Other amendments in this bill are designed to end unintended anomalies in the treatment of income support supplement recipients.

The first relates to new claimants who start to receive the war widows' or war widowers' pension, after previously receiving the age pension or other income support pensions or benefits through Centrelink. Under the existing legislation, these widows or widowers may be disadvantaged, because a number of social security pensions and benefits are not payable to a person who is receiving a war widow's or war widower's pension. Instead, they may be eligible for the income support supplement.

The income support supplement is payable only from the date of lodgement of a claim, while the war widow's or war widower's pension may be payable for up to three months before the date of the claim.

As a result, a war widow or war widower who is eligible for the income support supplement cannot receive this payment for the period in which their pension has been backdated. At the same time, their previous income support payments through Centrelink are cancelled from the date that the war widows' or war widowers' pension becomes payable.

To resolve this situation, the Bill will enable the payment of the income support supplement to be backdated for eligible recipients who previously were receiving a social security pension or benefit. This will ensure that these war widows or war widowers are not disadvantaged by their transition into the repatriation system.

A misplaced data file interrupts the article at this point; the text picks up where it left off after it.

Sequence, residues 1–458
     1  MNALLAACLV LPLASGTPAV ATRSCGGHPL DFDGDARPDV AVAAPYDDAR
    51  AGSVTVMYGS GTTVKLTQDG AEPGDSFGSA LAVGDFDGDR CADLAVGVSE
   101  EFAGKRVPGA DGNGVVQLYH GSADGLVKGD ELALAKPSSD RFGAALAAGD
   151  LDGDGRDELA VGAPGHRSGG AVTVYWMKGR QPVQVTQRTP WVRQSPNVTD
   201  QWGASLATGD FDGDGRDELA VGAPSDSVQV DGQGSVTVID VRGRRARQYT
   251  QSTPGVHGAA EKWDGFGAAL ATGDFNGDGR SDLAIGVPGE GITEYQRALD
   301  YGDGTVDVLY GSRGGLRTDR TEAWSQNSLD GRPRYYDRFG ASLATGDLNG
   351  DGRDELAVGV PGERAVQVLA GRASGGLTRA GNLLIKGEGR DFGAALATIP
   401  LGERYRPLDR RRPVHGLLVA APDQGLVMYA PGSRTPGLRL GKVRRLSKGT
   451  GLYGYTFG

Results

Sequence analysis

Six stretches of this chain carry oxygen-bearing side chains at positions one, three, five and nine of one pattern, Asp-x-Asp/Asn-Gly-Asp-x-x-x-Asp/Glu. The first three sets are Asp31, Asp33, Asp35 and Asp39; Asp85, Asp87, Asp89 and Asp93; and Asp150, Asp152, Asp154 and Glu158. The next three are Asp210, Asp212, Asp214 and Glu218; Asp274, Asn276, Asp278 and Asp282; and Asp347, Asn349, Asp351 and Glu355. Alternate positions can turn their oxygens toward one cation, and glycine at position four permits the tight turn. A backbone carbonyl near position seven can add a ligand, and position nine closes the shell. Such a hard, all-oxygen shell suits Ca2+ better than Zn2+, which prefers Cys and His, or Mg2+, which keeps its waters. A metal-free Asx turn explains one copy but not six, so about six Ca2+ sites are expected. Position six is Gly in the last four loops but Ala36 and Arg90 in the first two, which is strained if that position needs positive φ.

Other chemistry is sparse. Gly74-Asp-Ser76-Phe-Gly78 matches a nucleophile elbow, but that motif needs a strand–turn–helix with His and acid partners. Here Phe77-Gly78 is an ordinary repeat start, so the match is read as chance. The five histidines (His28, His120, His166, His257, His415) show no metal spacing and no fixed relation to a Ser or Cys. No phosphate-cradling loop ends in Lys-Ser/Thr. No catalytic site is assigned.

Finally, the amendments will correct a legislative anomaly affecting the family situation assessment rules applicable to an income support supplement recipient whose partner is not receiving a pension or other income support benefit through Veterans' Affairs or Centrelink.

Since coming to office, this Government has made it a priority to address anomalies in the repatriation system. Passage of this legislation will be another step forward in meeting the needs of the veteran community and particularly those Australians whose partners have died as a result of their service to our nation.



This bill is a package of minor, technical and consequential amendments to the Veterans' Entitlements Act 1986 and related Acts. Some of the amendments implement minor policy changes for the Veterans' Affairs portfolio relating to the income support and disability compensation systems. The bill also includes consequential amendments to the Social Security Act 1991 and the Social Security (Administration) Act 1999.

The proposed Social Security amendments result from the introduction of the payment of the income support supplement to war widows and widowers under the Veterans' Entitlements Act 1986 in 1994.

The income support supplement is an income and assets tested payment made to war widows or widowers who do not receive the age or service pension. In 1994, the responsibility for income support payments previously paid to war widows and widowers through the social security system was transferred to the Department of Veterans' Affairs. The introduction of the income support supplement under the VEA, enabled war widows and widowers to receive both the war widow's or widower's pension and income support supplement from the Department of Veterans' Affairs.